Physical symptoms of GAD

GAD can also have a number of physical symptoms, including:
Symptoms of generalised anxiety disorder

Generalised anxiety disorder (GAD) can affect you both physically and mentally.
How severe the symptoms are varies from person to person. Some people have only one or two symptoms, while others have many more.
GAD can cause a change in your behaviour and the way you think and feel about things, resulting in symptoms such as:
Restlessness
A sense of dread
Feeling constantly "on edge"
Difficulty concentrating
Irritability
Your symptoms may cause you to withdraw from social contact (seeing your family and friends) to avoid feelings of worry and dread.
You may also find going to work difficult and stressful, and may take time off sick. These actions can make you worry even more about yourself and increase your lack of self-esteem.
Dizziness
Tiredness
A noticeably strong, fast or irregular heartbeat (palpitations)
Muscle aches and tension
Trembling or shaking
Dry mouth
Excessive sweating
Shortness of breath
Stomach ache
Feeling sick
Headache
Pins and needles
Difficulty falling or staying asleep (insomnia
Anxiety triggers

If you're anxious because of a specific phobia or because of panic disorder, you'll usually know what the cause is.
For example, if you have claustrophobia (fear of confined spaces), you know that being confined in a small space will trigger your anxiety.
However, if you have GAD, it may not always be clear what you're feeling anxious about. Not knowing what triggers your anxiety can intensify it and you may start to worry that there's no solution.
GAD is a long-term condition that causes you to feel anxious about a wide range of situations and issues, rather than one specific event.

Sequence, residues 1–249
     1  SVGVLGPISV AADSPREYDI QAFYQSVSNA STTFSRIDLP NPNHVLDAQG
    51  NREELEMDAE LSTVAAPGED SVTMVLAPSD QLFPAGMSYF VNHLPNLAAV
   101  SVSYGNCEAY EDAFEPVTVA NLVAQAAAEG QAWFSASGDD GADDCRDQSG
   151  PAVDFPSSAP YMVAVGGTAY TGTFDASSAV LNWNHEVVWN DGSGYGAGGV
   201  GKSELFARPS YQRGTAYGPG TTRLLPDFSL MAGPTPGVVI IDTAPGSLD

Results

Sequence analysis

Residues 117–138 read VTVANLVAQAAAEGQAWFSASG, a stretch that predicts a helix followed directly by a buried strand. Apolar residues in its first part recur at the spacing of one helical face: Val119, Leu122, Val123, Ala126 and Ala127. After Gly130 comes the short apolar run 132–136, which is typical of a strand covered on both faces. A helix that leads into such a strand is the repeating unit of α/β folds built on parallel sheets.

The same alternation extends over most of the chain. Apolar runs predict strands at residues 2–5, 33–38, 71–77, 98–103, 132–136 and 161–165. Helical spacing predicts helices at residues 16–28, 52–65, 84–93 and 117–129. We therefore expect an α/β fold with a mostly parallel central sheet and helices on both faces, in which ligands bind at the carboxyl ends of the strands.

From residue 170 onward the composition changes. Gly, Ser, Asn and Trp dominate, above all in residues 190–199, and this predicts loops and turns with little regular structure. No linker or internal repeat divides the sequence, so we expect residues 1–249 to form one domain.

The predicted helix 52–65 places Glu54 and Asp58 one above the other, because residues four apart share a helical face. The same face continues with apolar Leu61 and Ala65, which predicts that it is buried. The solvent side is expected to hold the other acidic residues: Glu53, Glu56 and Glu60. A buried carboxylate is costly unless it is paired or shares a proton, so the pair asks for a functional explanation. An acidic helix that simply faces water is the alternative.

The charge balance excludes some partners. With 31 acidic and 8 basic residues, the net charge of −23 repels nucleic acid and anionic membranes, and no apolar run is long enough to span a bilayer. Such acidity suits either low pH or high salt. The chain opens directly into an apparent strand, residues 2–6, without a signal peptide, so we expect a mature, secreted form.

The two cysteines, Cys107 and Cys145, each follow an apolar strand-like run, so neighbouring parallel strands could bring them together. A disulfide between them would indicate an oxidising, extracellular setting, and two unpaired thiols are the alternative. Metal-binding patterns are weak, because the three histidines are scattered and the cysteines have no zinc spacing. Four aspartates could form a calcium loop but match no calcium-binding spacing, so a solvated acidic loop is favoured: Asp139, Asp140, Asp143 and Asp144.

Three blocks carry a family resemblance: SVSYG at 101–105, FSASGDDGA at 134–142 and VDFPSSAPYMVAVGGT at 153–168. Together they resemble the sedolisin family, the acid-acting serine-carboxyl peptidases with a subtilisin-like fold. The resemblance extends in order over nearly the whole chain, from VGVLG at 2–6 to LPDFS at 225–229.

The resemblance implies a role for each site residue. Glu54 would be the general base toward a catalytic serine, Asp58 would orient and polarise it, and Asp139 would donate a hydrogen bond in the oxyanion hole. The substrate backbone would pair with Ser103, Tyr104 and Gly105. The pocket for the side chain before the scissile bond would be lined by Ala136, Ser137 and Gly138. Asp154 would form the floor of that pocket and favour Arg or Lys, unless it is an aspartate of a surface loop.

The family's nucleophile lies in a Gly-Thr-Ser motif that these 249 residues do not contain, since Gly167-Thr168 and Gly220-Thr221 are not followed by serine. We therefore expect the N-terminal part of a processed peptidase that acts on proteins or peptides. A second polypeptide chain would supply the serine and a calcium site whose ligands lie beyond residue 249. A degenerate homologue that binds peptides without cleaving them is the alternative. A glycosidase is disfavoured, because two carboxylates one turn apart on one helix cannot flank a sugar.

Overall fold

People with GAD feel anxious most days and often struggle to remember the last time they felt relaxed. As soon as one anxious thought is resolved, another may appear about a different issue.
Generalised Anxiety Disorder (GAD) is characterised by chronic worry about all sorts of life problems and circumstances. It will differ from normal worrying through the intensity, frequency and perceived uncontrollability of the worry thoughts.
The core symptom of GAD is chronic worrying. It’s important to understand what worrying is, since the beliefs you hold about worrying play a huge role in triggering and maintaining GAD.
When you're worrying, you're talking to yourself about things you're afraid of or negative events that might happen. You run over the feared situation in your mind and think about all the ways you might deal with it. In essence, you're trying to solve problems that haven't happened yet, or worse, simply obsessing on worst-case scenarios.
All this worrying may give you the impression that you're protecting yourself by preparing for the worst or avoiding bad situations. But more often than not, worrying is unproductive; sapping your mental and emotional energy without resulting in any concrete problem-solving strategies or actions.
Hertfordshire Wellbeing Centre
If you suffer with generalised anxiety and would like to contact me, I would be delighted to discuss how I can help you and to explore the issues you want to work with.  You can contact me anytime on 07584 492254.
As an experienced and professional therapist using skills of counselling, cognitive behavioural therapy and mindfulness, I combine these various therapeutic approaches and at the same time utilising your resources to work in the most efficient way possible.
Please take your time to have a look around all of the pages on this website where you will find further details about the treatments on offer.